Even the French have started referring to Bordeaux “Bored-oh.” The Burgundy Bubble seems as real and as terrifying as that other one. All of California is suddenly New again, and Hipster Wine might as well be granted its own sub-appellation. It might be time to sound the alarms: after what was for some estates a lifetime of wealth and relative stability, the world of wine is finally wobbling on its axis.
As this new spin cycle empties our pockets and vertigo blurs our vision, it’s easy to find solace in the shiny “new” regions being proffered up as alternatives to those we once held so dear: Jura wears the Burgundy hat well, Greece is rubbing elbows with the Piedmont’s former courtiers and the Canary Islands are very, very interested in being your back-up plan at the ball. But where will we find the comfort of stability in equilibrium again? Runaway train-paced growth in well-branded Old Faithful regions, maxed-out frustration at viticultural elitism and continued Chinese interests in drinking DRC for breakfast nixes the likelihood that we’ll all be granted ticker-tape homecomings after our trysts abroad anytime soon. These shifts in regional identities and soaring case prices means broadening wine’s horizons has become more than a matter of trend — as the Warby Parker class starts opening its wallets for bottles of Pinot over PBR, it’s a matter of the potential making of a region. There’s a Cinderella moment in store for whoever can nail the perfect combination of value, comfort and interest. Rolling hills ripe for bicycle tours won’t hurt, either.
So which underdog region is poised to rise to the top? In addition to the the aforementioned, the Loire Valley and Central Italy — long the wine industry’s steadfast, bargain sidekicks — are heavy contenders. But these are regions within countries already in possession of a strong wine identity. The hurdle to get over then becomes the hopeful region’s podium juxtaposition with its countryman’s already winning place — asking consumers to forget that “other” Italian wine isn’t so easy when that wine is Barolo. Greece has a better shot at it, but it might take a few more years for all of the honeymooners to get over their post-traumatic Retsina disorder and trust the country’s grapes enough to let them do their thing in the glass.
The ideal scenario involves an as-yet underrepresented country with a well-established wine culture of its own, entry-level affordability in spades (for plenty of risk-free experimentation at the consumer level) and, of course, those bicycle-hungry rolling hills.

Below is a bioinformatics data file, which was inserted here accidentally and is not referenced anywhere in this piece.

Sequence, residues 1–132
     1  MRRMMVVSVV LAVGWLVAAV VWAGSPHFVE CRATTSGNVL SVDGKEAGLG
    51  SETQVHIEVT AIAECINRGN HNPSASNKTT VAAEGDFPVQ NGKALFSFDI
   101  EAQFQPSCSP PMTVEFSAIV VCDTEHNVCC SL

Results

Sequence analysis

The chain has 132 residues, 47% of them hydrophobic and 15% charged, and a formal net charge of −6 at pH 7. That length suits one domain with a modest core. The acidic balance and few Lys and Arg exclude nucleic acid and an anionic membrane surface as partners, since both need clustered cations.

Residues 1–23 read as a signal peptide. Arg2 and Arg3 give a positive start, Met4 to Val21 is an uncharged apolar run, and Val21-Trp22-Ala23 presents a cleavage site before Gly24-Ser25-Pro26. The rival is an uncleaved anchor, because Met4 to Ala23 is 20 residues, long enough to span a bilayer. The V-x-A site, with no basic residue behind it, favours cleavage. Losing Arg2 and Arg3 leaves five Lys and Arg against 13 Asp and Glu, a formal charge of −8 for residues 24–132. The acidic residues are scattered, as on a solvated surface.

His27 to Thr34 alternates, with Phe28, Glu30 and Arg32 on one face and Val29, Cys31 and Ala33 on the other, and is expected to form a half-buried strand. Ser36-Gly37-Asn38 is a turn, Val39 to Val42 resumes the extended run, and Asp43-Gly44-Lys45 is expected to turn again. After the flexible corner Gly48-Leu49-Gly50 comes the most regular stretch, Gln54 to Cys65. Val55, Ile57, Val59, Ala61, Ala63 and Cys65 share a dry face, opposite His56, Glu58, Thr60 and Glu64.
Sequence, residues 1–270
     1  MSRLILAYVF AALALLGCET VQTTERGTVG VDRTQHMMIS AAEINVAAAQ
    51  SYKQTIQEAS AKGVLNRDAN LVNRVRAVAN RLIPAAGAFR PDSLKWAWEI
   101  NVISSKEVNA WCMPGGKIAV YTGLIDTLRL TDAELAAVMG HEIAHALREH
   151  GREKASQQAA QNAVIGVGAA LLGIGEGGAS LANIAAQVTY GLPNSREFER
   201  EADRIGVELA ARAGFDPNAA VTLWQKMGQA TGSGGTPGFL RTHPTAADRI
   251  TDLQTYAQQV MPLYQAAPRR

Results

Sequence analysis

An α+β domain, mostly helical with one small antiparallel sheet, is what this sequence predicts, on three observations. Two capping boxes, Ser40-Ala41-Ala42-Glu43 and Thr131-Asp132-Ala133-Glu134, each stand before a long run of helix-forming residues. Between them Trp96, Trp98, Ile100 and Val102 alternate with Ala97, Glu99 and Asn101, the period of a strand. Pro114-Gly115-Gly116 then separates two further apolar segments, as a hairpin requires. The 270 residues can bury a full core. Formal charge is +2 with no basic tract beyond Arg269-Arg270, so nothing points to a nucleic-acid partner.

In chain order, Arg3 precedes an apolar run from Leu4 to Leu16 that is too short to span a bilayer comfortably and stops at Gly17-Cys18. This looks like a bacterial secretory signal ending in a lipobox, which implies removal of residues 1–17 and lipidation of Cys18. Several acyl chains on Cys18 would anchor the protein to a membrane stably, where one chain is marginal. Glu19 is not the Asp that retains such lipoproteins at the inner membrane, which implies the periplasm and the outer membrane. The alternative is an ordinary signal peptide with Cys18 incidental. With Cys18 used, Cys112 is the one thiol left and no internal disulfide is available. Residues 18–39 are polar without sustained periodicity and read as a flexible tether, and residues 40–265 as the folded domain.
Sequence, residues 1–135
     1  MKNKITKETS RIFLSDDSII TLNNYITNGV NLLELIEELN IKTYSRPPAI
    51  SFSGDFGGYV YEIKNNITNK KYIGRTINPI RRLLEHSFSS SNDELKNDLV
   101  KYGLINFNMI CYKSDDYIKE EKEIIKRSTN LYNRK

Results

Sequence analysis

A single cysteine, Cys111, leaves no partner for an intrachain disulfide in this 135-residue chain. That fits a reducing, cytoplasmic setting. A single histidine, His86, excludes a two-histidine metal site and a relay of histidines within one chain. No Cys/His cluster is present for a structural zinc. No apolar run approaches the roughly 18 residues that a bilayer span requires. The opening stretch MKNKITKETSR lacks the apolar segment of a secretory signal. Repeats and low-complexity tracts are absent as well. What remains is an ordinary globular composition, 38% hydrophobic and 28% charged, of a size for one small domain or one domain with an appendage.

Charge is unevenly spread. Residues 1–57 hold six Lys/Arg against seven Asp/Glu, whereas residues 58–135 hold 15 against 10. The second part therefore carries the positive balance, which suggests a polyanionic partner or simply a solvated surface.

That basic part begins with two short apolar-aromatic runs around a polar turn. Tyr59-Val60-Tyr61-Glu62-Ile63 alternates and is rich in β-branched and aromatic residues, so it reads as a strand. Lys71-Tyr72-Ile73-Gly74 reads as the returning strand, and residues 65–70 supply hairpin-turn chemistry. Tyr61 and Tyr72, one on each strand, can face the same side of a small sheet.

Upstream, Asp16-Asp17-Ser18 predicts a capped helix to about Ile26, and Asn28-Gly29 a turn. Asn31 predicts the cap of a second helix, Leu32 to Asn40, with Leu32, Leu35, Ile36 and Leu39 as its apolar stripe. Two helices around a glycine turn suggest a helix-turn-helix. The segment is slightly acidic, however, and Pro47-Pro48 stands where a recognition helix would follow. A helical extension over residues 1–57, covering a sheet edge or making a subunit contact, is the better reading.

Portugal’s Got the Goods
Following in the footsteps of the Spanish revolution, the wine world’s most recent coming-of-age story, Portugal’s got the goods. A quick inventory of this sleepy Iberian darling’s assets paints a lucrative picture: It’s true that most of the Western world has some familiarity with Port and Madeira wines already, but our love for the sweeter stuff makes them gateway drugs to their dry brethren rather than a distraction from potential pleasure. The country’s hop-skip-jump proximity to US shores means those rolling hills (check) are ever more accessible for honeymooners (and their Instagram feeds). There are some fiercely (stubbornly, even) defended native grapes like Loureiro and Touriga Nacional. These might not give the Epcot-esque, international welcome some consumers look for when approaching foreign territory, matters of pronunciation are unlikely to matter once the bill is dropped.
When it comes down to a place for consumers to spread their wings over the safety net of low financial risk for well-made wines, Portugal has the rest of the world in a corner. Vin Jaune earns higher rates than gold (and for good reason, many would argue), and Xinomavro is well-placed in its mid-market range. Meanwhile, Portugal is turning out bottles of interesting, low-yield wines from native grapes and unique landscapes for less than the cost of a glass of that Santa Margherita stuff. It’s possible to buy a 500mL bottle of amphora-aged Baga from bigwig Luis Pato’s rockstar daughter, Filipa, for less than $15 retail (wax closure and all for you romantic types). Or, if it’s pure pleasure you’re after, a worthy Txakoli competitor from Quinta da Raza for less than $10.
While the whole package is a boon to consumers, the rest of the wine industry might do well to brush up on its Portuguese, too. Need an entry-level glass pour with a kiss of oak to play that New World game this winter? From Tras-os-Montes, Tinta Roriz is Tempranillo from another mother that might give Rioja a run for its money. How about something with a good story and some bottle age for that tasting menu? Check out Colares for decade-old Ramisco from the phylloxera-proof, sandy soils of an endangered region, all at a pourable price. And don’t leave Vinho Verde out — that gulpable stuff can be the ultimate beach wine (Ameztoi allocations be damned), but the region’s capacity for producing serious wines of nuance and elegance is making its way stateside as more producers show us what their native grapes can really do — Loureiro and Arinto are versatile and palate-pleasing, capable of playing the roles formerly occupied by New Zealand Sauvignon Blanc and dry Rieslings alike. Wherever you look, Portugal’s own ambling economic growth coupled with its relative lag in entering the Western market (and the costly marketing campaigns that accompany such a coming-out) means prices are still low enough to play without going all in.